What’s Working for Salmon

Are all these efforts to save salmon really working? Alongside other agencies, RCO partners to better understand how salmon are doing as a result of our efforts to restore them. Monitoring asks questions like:

  • Are salmon numbers increasing or declining?
  • Is water quality and habitat improving or getting worse?
  • Where and what are the most important problems?
  • What are the most effective actions to address those problems?
  • Is the money invested in salmon recovery well spent?

Data must be reliable, pertinent, and scientifically valid. And because monitoring is often difficult and costly, agencies work together at all levels, sharing data, avoiding duplication, and maximizing everyone’s financial investments.

Knowing the impact of our efforts is considered so important to success that the federal government requires it of all salmon recovery plans submitted under the Endangered Species Act.

Types of Monitoring

  • Targeted: This method tracks conditions at specific sites. This type of monitoring is used to track permit compliance, such as looking at what’s happening at a sewer outfall, to identify suspected problems, to find the best sites for protection in the most important watersheds.
  • Effectiveness: Funded by the Salmon Recovery Funding Board, this method addresses whether habitat restoration projects are achieving their goals effectively. By measuring environmental conditions, habitat characteristics, and biological indicators, scientists may begin to answer questions such as: Did planted trees shade the stream? Did the logs that were added to streams increase pool depths?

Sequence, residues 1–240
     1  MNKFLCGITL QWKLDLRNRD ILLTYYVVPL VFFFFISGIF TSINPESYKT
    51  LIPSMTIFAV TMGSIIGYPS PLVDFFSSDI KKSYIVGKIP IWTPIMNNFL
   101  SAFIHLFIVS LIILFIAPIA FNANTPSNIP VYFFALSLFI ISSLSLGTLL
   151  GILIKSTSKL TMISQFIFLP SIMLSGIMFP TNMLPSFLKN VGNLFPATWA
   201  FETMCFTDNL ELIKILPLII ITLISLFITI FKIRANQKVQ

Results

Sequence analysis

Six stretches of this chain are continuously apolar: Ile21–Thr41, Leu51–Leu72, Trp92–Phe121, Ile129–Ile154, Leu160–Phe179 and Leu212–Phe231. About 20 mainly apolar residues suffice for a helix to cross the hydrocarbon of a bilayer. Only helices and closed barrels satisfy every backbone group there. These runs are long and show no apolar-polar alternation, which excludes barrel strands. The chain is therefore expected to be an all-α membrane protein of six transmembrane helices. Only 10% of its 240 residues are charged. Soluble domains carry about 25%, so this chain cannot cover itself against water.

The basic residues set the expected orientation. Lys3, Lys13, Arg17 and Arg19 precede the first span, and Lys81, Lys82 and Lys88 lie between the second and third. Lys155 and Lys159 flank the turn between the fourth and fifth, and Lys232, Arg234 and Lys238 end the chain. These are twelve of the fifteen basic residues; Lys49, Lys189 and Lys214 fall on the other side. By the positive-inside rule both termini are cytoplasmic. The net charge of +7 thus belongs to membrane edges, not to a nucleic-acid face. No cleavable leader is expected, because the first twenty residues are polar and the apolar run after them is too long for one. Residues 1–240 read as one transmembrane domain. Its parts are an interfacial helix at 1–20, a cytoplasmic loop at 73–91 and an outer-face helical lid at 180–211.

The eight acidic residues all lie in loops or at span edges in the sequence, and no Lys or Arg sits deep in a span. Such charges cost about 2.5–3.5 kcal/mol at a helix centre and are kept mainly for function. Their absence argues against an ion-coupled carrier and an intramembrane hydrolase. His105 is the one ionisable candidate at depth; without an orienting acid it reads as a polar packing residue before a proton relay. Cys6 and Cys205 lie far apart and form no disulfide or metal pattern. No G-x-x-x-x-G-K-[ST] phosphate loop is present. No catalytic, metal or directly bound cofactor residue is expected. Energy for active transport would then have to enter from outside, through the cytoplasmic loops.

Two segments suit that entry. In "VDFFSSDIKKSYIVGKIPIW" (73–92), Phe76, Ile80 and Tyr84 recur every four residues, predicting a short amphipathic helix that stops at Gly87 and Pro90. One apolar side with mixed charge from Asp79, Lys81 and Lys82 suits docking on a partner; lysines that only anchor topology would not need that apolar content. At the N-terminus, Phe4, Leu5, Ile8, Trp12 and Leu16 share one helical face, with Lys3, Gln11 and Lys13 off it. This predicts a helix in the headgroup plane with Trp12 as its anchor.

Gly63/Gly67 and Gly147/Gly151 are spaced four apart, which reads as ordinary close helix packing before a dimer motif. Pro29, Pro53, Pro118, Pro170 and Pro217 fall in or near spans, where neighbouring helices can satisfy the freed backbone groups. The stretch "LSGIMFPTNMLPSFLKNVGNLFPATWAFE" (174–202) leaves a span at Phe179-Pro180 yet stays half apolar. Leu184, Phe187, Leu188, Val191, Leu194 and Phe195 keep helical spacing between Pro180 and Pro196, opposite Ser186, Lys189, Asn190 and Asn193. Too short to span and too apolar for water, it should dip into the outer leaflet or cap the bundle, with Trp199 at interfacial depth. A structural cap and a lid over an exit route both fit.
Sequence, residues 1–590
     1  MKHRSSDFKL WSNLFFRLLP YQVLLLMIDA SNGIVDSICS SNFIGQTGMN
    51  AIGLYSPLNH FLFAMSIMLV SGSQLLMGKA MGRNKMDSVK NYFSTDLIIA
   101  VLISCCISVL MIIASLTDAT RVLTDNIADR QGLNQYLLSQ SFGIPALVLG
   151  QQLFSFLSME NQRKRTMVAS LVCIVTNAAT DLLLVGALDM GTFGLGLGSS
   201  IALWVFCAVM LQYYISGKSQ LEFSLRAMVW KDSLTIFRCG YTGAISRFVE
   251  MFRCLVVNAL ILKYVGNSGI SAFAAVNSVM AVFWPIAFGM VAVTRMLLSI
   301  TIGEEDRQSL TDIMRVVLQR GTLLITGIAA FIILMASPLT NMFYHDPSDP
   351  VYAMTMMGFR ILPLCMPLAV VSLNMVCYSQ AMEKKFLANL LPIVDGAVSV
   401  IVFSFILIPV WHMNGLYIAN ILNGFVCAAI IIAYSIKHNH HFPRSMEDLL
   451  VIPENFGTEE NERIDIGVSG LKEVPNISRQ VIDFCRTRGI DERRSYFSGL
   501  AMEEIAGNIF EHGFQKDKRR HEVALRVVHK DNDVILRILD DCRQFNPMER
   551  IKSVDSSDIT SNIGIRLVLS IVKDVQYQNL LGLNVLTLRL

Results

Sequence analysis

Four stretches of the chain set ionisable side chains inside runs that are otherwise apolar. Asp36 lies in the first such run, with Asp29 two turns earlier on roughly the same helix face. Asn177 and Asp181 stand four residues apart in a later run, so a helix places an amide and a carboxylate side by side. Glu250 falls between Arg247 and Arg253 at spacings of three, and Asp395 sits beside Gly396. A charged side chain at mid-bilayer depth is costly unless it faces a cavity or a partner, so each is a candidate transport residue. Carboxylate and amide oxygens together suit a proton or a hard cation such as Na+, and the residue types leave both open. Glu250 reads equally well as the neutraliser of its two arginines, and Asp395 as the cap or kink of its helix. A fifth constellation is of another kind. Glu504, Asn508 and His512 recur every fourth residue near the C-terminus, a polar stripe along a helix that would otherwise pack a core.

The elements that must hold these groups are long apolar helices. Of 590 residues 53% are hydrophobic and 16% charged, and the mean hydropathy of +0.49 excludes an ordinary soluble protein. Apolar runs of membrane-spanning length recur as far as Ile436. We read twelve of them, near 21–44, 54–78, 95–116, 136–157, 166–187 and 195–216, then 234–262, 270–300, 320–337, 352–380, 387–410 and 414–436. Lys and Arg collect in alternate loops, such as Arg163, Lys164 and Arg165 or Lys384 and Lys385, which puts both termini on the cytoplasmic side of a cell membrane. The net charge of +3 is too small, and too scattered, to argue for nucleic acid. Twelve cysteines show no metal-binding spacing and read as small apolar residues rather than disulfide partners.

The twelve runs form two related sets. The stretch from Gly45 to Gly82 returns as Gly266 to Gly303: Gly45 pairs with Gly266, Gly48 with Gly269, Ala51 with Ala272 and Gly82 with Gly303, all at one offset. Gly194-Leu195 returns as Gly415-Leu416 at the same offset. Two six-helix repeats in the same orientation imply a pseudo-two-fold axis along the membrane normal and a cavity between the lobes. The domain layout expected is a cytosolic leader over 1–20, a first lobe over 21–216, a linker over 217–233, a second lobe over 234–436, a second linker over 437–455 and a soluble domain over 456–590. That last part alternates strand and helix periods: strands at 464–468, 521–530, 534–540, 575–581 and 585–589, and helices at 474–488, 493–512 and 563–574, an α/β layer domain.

• Intensively Monitored Watersheds program asks the question: Is restoration working to increase salmon numbers? The Intensively Monitored Watersheds (or IMW) method compares the number of salmon from streams where habitat restoration was done to similar streams nearby without such actions. This shows if changes in fish survival and productivity are due to restoration efforts or to other factors not related to restoration.
  • Implementation: This method tracks whether or not actions were implemented as planned. It answers questions about whether the projects did what they said they would do and whether standards are being met.

What is Washington Doing?

Washington State agencies are following The Washington Comprehensive Monitoring Strategy and Action Plan for Watershed Health and Salmon Recovery. This strategy provides the foundation for coordinating, prioritizing, and standardizing the myriad of monitoring programs and needs across the state.

Monitoring Resources

Project Effectiveness Monitoring

Effectiveness Monitoring Reports

Effectiveness Monitoring Protocols

Intensively Monitored Watersheds

Other Salmon Recovery Funding Board Monitoring Reports

Science Advisory Panel